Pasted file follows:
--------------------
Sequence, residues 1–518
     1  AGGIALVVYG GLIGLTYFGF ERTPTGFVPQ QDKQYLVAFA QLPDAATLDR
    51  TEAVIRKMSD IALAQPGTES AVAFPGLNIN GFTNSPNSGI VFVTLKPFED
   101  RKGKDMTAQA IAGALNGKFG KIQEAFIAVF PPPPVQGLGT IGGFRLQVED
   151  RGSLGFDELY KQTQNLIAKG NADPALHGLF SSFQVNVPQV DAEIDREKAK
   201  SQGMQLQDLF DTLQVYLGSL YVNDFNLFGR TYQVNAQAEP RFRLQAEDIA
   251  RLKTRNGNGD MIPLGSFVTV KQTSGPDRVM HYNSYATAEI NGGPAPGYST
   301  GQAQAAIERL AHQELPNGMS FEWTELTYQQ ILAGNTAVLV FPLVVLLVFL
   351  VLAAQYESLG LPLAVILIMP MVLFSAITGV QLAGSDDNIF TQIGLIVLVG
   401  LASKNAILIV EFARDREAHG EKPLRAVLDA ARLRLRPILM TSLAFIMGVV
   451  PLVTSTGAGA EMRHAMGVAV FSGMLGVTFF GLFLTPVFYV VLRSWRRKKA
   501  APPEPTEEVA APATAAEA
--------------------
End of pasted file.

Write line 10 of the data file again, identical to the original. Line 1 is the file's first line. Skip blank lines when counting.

   401  LASKNAILIV EFARDREAHG EKPLRAVLDA ARLRLRPILM TSLAFIMGVV